For the true meaning of heroism expressed in some of the noblest music ever composed, look to Fidelio. Beethoven’s only opera is a testament to the human spirit and a test of musical skill and endurance, posing magnificent challenges for soloists, chorus and orchestra. The story is of the unjustly imprisoned Florestan and his steadfast wife Leonore, who secretly battles a corrupt political regime to win his release. Fidelio finds the super-hero in all of us. Returning to Santa Fe to sing Leonore in this production is the soprano Alex Penda (formerly Alexandrina Pendatchanska), who impressed in our productions of Rossini’s Ermione (2000) and Mozart’s La Clemenza di Tito (2002) – and also earned two Grammy nominations in 2006. The tenor Paul Groves, who sang Gualtiero in our 2011 Griselda and the title role in our 2010 production of The Tales of Hoffmann, portrays Florestan. Stephen Wadsworth, who directed King Roger in 2012, returns to mount this production. On the podium, Harry Bicket leads his first production as Santa Fe’s new Chief Conductor.
8:30 pm July 12, 16, 25,
8:00 pm July 31; August 5, 12, 21
Composer Ludwig van Beethoven
Librettist Joseph Sonnleithner
Sung in German
The nobleman Florestan has gone missing, and his wife Leonore believes his enemy Pizarro is holding him captive as a political prisoner.
Marzelline, Rocco’s daughter, struggles with Jaquino, her former boyfriend and a prison employee, who still loves her. She has fallen in love with “Fidelio”, whose meticulous work has gained Rocco’s admiration, and Rocco pushes for their engagement, setting a wedding date after Pizarro’s imminent visit. Rocco, considering their bleak surroundings, says that it will take more than love to make a go of it—money must be made. Leonore asks if she might help Rocco with the secret prisoners, and he agrees to ask Pizarro’s permission, as this work is taking a toll on him. Talk turns to one particular prisoner, who Rocco says has been there two years and is near death. Leonore senses that this might be Florestan.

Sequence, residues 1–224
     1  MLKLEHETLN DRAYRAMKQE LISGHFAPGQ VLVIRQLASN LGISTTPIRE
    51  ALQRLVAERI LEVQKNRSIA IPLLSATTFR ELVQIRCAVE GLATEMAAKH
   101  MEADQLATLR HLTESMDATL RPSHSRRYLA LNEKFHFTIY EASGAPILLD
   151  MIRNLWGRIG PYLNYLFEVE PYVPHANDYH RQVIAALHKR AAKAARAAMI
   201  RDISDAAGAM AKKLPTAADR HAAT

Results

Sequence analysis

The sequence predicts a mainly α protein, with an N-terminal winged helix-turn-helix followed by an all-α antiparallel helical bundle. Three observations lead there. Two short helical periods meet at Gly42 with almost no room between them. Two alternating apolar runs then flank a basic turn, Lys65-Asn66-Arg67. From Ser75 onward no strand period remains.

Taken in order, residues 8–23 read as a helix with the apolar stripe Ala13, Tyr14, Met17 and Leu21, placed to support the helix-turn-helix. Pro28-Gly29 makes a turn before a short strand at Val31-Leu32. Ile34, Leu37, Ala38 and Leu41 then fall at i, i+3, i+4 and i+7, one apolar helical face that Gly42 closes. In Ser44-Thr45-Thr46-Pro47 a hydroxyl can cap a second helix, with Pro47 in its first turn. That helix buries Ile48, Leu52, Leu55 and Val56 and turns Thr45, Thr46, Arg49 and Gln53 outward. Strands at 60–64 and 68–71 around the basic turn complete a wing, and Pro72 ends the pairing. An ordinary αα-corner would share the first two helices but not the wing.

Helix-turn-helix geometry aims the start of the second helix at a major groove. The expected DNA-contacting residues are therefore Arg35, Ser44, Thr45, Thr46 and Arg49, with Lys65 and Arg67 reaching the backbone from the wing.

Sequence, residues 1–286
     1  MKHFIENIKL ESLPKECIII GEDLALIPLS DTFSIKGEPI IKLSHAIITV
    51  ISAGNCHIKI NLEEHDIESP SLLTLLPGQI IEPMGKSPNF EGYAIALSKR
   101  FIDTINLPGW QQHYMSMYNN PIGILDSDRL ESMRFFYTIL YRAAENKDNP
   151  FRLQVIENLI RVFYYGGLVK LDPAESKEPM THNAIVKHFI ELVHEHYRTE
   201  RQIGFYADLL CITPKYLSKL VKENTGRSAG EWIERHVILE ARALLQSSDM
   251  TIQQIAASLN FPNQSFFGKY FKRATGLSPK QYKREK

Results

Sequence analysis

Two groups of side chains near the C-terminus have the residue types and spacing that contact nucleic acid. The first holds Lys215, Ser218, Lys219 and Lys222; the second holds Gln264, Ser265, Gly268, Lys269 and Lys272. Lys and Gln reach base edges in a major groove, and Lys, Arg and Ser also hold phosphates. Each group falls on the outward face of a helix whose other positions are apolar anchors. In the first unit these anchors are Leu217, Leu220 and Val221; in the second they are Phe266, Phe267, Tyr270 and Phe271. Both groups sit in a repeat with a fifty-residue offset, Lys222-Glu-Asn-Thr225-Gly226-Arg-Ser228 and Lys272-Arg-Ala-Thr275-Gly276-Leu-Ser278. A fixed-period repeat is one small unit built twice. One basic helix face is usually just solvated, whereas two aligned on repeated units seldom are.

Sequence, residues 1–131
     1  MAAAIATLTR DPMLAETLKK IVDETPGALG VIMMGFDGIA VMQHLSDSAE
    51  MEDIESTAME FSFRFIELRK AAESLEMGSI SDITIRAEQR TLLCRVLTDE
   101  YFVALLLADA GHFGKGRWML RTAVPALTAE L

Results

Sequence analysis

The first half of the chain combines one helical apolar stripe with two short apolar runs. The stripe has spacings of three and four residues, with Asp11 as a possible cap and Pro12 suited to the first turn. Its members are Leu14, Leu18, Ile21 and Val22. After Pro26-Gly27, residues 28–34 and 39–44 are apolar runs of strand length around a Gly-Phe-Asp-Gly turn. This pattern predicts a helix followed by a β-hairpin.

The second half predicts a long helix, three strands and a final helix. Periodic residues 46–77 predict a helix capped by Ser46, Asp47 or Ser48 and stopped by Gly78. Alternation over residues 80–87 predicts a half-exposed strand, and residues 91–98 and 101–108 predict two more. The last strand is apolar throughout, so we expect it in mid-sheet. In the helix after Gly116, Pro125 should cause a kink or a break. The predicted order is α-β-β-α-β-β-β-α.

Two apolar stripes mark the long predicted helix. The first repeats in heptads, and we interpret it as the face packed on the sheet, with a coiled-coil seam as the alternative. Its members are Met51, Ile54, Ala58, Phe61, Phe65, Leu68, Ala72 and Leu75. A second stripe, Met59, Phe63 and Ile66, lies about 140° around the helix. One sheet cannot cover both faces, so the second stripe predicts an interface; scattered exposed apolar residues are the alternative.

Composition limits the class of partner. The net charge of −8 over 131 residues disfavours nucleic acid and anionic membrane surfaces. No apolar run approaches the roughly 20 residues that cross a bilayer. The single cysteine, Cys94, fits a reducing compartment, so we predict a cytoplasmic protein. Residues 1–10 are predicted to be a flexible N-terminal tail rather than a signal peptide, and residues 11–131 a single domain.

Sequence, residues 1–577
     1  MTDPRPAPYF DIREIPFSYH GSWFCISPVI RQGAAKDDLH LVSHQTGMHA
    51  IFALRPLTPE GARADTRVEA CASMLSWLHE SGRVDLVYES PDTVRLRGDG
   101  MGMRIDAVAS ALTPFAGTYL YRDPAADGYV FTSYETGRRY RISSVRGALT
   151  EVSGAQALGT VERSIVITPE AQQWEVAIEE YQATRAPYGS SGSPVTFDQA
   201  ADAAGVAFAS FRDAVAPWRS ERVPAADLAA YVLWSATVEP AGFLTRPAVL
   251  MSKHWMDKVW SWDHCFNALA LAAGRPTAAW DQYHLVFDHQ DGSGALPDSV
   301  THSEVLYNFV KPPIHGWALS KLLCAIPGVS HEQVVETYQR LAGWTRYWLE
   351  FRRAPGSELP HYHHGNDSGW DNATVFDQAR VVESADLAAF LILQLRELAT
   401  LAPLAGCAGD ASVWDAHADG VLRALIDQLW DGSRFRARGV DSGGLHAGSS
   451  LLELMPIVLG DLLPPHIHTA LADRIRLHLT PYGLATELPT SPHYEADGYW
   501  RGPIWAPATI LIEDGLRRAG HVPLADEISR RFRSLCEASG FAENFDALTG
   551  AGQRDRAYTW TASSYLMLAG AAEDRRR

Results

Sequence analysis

Pizarro arrives, orders soldiers to watch the road, and reads his dispatches. Among them is a letter alerting him to the imminent arrival of his commanding officer, Fernando, and urging him to dispose of prisoners who pose a threat to his safety. Pizarro orders Rocco to dig a grave in one particular cell, where he himself will murder the prisoner. Leonore summons courage and hope to face off her enemy and reach her husband, then learns from Rocco that Pizarro will allow her to help Rocco with the secret prisoner. She encourages Rocco to let the prisoners into the courtyard for some air. Rocco complies, incurring the stunned gratitude of the prisoners but also Pizarro’s rage.
Florestan, chained in a dungeon, struggles with his fate and imagines Leonore appearing to save him or to take him to heaven. Rocco and Leonore enter and begin to dig Florestan’s grave, and Leonore soon recognizes her husband. Rocco, touched by Florestan’s physical and emotional condition, and by his grim fate, warily allows him a sip of wine before Pizarro arrives, knife in hand. As Pizarro attacks Florestan, Leonore steps between them, pointing a gun at Pizarro and revealing her true identity. Trumpets announce the arrival of Pizarro’s commander and troops, Jaquino brings help, and Pizarro is led away. Leonore and Florestan embrace.
Fernando has liberated the prison. The prisoners celebrate: “Justice and mercy have appeared at the edge of our grave.” Fernando also greets Florestan, whom he thought dead, and learns the truth. Pizarro is taken away, and Fernando asks Leonore to unlock Florestan’s chains, a tribute to her heroism, which is hailed by the crowd.
- Leonore - Alex Penda
- Florestan - Paul Groves
- Don Pizarro - Greer Grimsley
- Rocco - Manfred Hemm
- Marzelline - Devon Guthrie
- Don Fernando - Evan Hughes
- Jaquino - Joshua Dennis
- Conductor - Harry Bicket
- Director - Stephen Wadsworth
- Scenic Designer - Charles Corcoran
- Costume Designer - Camille Assaf
- Lighting Designer - Duane Schuler
- Chorus Master - Susanne Sheston